These are unusual times. The novel Coronavirus has more and more states telling people to stay at home and requiring Physical Distancing if we must go out. This puts many of us in a situation where we are “Safer at Home” with the people we love… and getting on each other’s nerves!
Never fear! RECK is here! To save you having to click over to another page to discover what the heck RECK is, I’ll take a moment to explain it here. RECK is an acronym that stands for respect, empathy, compassion, and kindness. It is meant as a simple guide to help us treat others in the best way possible. And don’t we want to treat the people we love most in the whole world in the best way possible? Of course we do.
Think of it this way: all people need respect, empathy, compassion, and kindness in order to stay emotionally healthy. When you think about harm that has been done to people, in every instance, one or more of these four principles has been violated. In family situations, most typically the principle we forget to adhere to is to be kind to one another.
Here’s how to utilize RECK at home during this unusual time:
First, do your best to remain respectful towards your family members at all times. This can be a tough one, especially when we are feeling irritable. Disrespectful words are usually those words that we end up regretting later. When it comes to trying to create a harmonious home atmosphere, being disrespectful is a line we simply should not cross. Being respectful towards your family all the time will help you maintain a healthy self-respect. When you are respectful to others, you feel good about yourself.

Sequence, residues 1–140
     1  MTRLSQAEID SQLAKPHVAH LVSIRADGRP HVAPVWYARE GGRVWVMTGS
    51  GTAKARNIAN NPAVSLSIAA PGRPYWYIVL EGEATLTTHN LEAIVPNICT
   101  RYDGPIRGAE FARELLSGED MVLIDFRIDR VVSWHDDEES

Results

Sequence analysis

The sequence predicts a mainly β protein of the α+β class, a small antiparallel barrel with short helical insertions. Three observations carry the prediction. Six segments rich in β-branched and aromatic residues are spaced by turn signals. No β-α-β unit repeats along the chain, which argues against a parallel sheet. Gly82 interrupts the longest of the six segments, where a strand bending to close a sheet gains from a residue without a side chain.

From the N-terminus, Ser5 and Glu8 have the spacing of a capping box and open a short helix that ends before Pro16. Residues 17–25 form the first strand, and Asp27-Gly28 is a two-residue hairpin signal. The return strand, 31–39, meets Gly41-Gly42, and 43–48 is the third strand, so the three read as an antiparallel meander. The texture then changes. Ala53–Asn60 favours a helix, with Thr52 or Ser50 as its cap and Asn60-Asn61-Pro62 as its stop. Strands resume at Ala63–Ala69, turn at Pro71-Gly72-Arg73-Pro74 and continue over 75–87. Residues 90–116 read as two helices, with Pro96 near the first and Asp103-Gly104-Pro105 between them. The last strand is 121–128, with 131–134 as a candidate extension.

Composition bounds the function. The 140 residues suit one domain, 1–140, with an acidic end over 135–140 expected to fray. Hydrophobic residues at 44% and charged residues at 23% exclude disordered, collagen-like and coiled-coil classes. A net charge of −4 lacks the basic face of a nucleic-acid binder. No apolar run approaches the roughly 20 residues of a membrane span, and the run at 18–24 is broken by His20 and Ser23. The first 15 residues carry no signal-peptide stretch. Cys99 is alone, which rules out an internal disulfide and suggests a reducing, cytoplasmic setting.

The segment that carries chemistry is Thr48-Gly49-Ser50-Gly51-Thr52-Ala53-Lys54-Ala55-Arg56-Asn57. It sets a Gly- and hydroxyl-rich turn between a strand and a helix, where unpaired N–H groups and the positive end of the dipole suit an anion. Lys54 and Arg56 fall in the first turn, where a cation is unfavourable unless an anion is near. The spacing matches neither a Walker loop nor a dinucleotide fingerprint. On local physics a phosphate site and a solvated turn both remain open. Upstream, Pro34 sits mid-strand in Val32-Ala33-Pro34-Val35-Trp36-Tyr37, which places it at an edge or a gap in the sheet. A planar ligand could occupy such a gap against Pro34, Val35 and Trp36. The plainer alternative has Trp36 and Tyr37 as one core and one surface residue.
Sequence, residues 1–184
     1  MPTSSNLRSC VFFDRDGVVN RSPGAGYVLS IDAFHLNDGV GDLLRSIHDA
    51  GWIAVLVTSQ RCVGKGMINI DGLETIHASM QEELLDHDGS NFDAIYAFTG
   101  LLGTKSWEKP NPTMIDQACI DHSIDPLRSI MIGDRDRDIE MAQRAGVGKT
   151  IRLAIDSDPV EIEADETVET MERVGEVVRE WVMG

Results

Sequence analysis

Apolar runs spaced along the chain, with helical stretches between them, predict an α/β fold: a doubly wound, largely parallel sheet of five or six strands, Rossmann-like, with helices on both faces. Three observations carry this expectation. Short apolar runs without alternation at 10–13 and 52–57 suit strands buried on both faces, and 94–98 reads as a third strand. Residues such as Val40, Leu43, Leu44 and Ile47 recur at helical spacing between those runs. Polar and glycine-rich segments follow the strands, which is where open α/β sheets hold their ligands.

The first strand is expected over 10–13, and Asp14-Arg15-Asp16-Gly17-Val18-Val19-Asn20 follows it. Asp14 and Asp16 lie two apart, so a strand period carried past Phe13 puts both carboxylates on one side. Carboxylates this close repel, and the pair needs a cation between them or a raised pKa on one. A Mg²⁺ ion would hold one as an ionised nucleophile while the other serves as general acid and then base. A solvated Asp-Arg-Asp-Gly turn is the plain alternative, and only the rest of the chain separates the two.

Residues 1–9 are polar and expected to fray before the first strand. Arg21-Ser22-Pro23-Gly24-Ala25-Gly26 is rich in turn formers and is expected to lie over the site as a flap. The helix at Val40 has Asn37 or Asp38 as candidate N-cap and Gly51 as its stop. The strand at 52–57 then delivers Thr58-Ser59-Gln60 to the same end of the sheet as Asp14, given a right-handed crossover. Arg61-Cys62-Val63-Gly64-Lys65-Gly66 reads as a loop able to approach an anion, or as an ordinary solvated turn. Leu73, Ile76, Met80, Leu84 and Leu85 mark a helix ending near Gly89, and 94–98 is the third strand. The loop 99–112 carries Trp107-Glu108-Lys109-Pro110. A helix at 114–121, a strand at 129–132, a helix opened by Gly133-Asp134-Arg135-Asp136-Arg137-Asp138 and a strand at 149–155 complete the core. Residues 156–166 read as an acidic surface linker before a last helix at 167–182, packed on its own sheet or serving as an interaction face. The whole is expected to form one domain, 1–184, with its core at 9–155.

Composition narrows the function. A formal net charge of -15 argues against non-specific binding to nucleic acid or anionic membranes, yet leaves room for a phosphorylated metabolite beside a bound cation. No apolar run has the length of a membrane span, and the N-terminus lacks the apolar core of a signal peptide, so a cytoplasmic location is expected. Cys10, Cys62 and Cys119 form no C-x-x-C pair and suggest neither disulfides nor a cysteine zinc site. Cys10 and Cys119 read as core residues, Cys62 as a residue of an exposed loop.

Next, make an effort to be empathetic towards the feelings of others. This one can be especially challenging with young children. They tend to feel things strongly and are often unable to completely articulate or even understand their feelings. As adults, we have an important role to play in helping them identify their emotions and learn to understand and control them. Remember, empathy is deeper than sympathy. Sympathy is to feel for someone, while empathy requires us to go even further and feel with them. A good way to understand empathy is to remember the adage of walking a mile in someone else’s shoes.
Then, strive to always keep your compassion switch in the “on” position. This is a tall order. Compassion calls us to feel another person’s suffering with them and then work to relieve it. Compassion, however, is a game-changer for children. Kids feel so often misunderstood and like their suffering is ignored. As adults, we can sometimes wish children would simply “get over it.” But we need to remember that their feelings are very real to them and when we take them seriously and respond to them, children feel heard. Although perhaps more pronounced in children, this is true for all people. And during these stressful times, lots of people might be feeling strong emotions. We all would be well served to hear one another out, take each other’s feelings to heart, and make an effort to provide comfort whenever possible.
Finally, in all situations and at all times: Be kind. If you think this one is easy or trivial, then think back to the last time that you know you hurt someone else’s feelings whether they said so or not. You might not have to think back very far! Kindness is the grease that oils the gears of healthy family dynamics. Being unkind is like throwing a wrench in the works. How often has everything been going just fine at home and then someone did or said something unkind and all heck broke loose? Kindness is the key to unlocking family harmony.
If your family is struggling to get along right now, then make a big sign that says “RECK: Respect, Empathy, Compassion and Kindness” and put it up someplace everyone can see it. Then, make sure everyone knows what all of those words mean and make a promise to treat each other with RECK. You’ll be amazed by how much better everyone gets along.
All the best,
Founder, Century of Compassion